Bertie's Mood

Always Critical and Never Superficial

The President as Change Manager.

In Change Management, part of the most difficult tasks is to have all stakeholders, groups or even “couplings” within an institution or company to think alike. If managing a company is already a daunting task, imagine how difficult it is to only change certain aspects of day-to-day operations of big enterprises. As you might know, we are no longer in a direct top-down relationship with each other; we are merely interconnected through a complicated network of matrixes where in every project we have different roles. All the world’s a Stage, even more so in Change Management.

And yet, the biggest Change Manager of all times, should he wish to succeed in his plans, will be the next President of the United States. Change, most important cliffhanger of his campaign, can only happen if we believe we can change something.

If you accept that a manager is not much more than a robot getting the things done, you will realize pretty quickly that what we really want is a leader who knows where to go. Ask all the managers on Wall Street what happens if you only manage and fail to lead. In most cases to lead equals some degree of change. But if in our daily activities we are not very eager to even change the order of the day, then why should we want to change important parts of government. From Social Security to Kindergarten: we do not like to change our habits.

You might ask yourself: why did it take so long before someone took charge and tried to change things?

First, before Obama, lots of other candidates tried to change different aspects of government. Either they failed to even start their project, never could realize their vision or never got elected. Why? Let’s just say that elected officials and the government as an institution do not (or fail to) proactively address the different issues important to voters. Lobby groups, media and wealthy individuals, however, are important, as they decide firsthand who gets elected into the House or Senate. A publicly shared secret, valid in almost all democracies.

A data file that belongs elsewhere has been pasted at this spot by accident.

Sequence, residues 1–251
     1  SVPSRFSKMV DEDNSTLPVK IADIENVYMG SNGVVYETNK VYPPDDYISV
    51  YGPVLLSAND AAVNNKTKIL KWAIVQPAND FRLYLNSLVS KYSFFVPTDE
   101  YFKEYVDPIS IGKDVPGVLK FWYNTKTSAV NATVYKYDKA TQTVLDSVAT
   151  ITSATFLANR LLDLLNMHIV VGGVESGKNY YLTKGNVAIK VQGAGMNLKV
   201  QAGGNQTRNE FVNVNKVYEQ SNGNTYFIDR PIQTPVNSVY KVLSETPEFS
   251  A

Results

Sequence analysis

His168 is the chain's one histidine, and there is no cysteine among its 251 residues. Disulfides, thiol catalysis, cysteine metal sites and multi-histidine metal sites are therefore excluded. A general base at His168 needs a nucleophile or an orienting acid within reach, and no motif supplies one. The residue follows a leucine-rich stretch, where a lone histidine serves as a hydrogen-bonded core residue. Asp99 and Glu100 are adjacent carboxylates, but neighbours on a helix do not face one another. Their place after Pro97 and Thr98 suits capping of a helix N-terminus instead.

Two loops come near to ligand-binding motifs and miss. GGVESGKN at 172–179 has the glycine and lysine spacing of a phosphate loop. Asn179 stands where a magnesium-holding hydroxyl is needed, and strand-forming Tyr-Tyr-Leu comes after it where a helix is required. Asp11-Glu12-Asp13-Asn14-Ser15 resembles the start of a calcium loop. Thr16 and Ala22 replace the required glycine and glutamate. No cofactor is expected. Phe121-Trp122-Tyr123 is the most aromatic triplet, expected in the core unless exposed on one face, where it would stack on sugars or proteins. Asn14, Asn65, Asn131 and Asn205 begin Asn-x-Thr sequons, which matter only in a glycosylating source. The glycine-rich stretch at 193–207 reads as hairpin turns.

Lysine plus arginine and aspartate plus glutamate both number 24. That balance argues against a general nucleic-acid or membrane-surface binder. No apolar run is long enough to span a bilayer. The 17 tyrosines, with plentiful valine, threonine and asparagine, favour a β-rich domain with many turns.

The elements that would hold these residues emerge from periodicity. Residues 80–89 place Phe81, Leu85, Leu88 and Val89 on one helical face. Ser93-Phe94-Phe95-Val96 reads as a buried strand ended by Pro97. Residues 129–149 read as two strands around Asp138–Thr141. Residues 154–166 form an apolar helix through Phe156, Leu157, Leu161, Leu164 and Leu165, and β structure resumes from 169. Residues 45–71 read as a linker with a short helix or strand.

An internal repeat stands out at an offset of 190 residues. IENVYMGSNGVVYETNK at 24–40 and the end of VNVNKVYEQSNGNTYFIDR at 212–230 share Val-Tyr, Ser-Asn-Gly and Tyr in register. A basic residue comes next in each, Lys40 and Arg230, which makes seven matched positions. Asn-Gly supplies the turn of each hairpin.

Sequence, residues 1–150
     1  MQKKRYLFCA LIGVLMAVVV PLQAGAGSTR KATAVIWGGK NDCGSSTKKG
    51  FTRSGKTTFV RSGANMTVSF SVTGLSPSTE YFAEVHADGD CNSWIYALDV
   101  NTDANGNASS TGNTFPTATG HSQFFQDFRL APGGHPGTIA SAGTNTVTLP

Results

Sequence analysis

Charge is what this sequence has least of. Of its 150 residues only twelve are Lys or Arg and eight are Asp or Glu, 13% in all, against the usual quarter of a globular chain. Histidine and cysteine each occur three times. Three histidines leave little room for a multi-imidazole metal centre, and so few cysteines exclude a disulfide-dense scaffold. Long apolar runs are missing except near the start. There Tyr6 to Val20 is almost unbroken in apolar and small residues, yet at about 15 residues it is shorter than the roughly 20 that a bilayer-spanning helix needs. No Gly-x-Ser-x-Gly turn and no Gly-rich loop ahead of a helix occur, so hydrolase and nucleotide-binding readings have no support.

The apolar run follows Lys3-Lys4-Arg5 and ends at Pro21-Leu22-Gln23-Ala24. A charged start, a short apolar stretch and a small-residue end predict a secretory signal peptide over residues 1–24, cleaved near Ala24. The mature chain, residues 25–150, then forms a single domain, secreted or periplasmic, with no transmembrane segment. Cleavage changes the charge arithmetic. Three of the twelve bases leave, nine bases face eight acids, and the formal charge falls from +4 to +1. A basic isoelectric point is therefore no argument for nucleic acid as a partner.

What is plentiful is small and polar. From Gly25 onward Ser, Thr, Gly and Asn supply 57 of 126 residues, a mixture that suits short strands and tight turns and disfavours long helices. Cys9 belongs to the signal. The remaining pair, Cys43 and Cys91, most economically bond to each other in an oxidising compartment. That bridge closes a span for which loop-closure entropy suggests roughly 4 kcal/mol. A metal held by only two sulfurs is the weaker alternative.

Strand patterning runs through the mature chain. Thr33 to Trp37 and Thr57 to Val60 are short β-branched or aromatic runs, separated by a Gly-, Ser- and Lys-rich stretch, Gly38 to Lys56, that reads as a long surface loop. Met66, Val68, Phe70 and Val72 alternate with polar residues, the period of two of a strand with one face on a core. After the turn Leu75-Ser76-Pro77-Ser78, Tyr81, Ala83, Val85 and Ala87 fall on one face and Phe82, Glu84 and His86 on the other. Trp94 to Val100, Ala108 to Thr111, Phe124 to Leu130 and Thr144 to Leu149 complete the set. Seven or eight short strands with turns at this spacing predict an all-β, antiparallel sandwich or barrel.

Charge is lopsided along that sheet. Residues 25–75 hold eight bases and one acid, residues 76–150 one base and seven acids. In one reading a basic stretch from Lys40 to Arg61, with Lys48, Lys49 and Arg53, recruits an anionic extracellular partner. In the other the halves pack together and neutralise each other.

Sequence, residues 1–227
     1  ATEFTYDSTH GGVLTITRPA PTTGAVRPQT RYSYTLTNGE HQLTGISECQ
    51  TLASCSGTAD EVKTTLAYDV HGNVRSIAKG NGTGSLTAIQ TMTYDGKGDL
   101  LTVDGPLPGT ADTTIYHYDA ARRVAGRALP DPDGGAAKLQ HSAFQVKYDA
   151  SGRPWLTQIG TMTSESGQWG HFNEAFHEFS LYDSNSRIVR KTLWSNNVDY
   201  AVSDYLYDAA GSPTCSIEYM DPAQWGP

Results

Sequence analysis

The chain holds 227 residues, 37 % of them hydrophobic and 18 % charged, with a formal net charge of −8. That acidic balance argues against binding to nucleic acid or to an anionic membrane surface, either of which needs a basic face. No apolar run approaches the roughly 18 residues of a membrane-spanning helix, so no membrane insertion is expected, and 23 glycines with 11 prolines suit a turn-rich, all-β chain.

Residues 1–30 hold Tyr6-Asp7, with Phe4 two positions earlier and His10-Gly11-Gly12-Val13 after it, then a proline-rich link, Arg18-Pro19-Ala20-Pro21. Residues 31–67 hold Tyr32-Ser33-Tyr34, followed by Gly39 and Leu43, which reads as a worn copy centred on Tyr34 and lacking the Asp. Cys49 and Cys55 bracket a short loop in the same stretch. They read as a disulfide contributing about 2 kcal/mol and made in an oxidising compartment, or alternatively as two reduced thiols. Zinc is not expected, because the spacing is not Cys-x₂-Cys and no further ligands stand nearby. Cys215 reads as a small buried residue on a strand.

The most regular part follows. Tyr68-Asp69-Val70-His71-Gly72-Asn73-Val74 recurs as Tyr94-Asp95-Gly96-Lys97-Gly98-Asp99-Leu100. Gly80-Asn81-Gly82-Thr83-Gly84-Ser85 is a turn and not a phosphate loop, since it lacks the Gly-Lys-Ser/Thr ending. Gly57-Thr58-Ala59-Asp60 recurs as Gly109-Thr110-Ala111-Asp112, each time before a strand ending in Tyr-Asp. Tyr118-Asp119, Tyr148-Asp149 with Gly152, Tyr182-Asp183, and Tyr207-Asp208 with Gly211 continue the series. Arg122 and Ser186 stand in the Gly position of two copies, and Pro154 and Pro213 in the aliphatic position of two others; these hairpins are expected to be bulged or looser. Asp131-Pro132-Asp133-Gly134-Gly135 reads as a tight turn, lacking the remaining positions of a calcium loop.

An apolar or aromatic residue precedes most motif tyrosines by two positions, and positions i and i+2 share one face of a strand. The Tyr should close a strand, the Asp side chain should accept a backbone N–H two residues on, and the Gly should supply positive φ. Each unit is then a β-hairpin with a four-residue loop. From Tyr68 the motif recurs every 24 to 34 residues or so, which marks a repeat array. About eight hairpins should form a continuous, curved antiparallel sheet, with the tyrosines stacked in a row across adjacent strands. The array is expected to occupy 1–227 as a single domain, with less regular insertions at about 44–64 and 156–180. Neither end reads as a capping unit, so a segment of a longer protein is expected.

Second, it is for us voters -part of an intricate economic and social system- not always very interesting to see some big changes interfering with our current status quo. Even more, we do not “understand” everything, and are influenced easily by pundits (let alone experts) who claim to be addressing the issues with knowledge and impartiality. We are a diverse group with conflicting interests and this comes in handy when you need to get elected without being held accountable.

Third, there now is a sense of urgency. Where a couple of years ago things would be worked out “soon”, today certain decisions can’t be postponed any longer.

As such, I will be watching the Inauguration of the next President of the United States with great attention. For once, I will not pay attention to the policies he announces or the giant financial plans on his agenda. More important will be how President Obama will be able to communicate in clear terms his view of change, reconcile the different interests and have all 300 million Americans look into the same direction. How will we as a country make change?

Neither for Lincoln or FDR change has been easy or without party politics, but the fight for change they put up, changed the prospect of many citizens around the world. Fact is, the financial, economical and social tissues of our society are falling apart and maintaining a status quo is just not possible anymore. Will he be the right man who has come at the right time? I’m sure he will.


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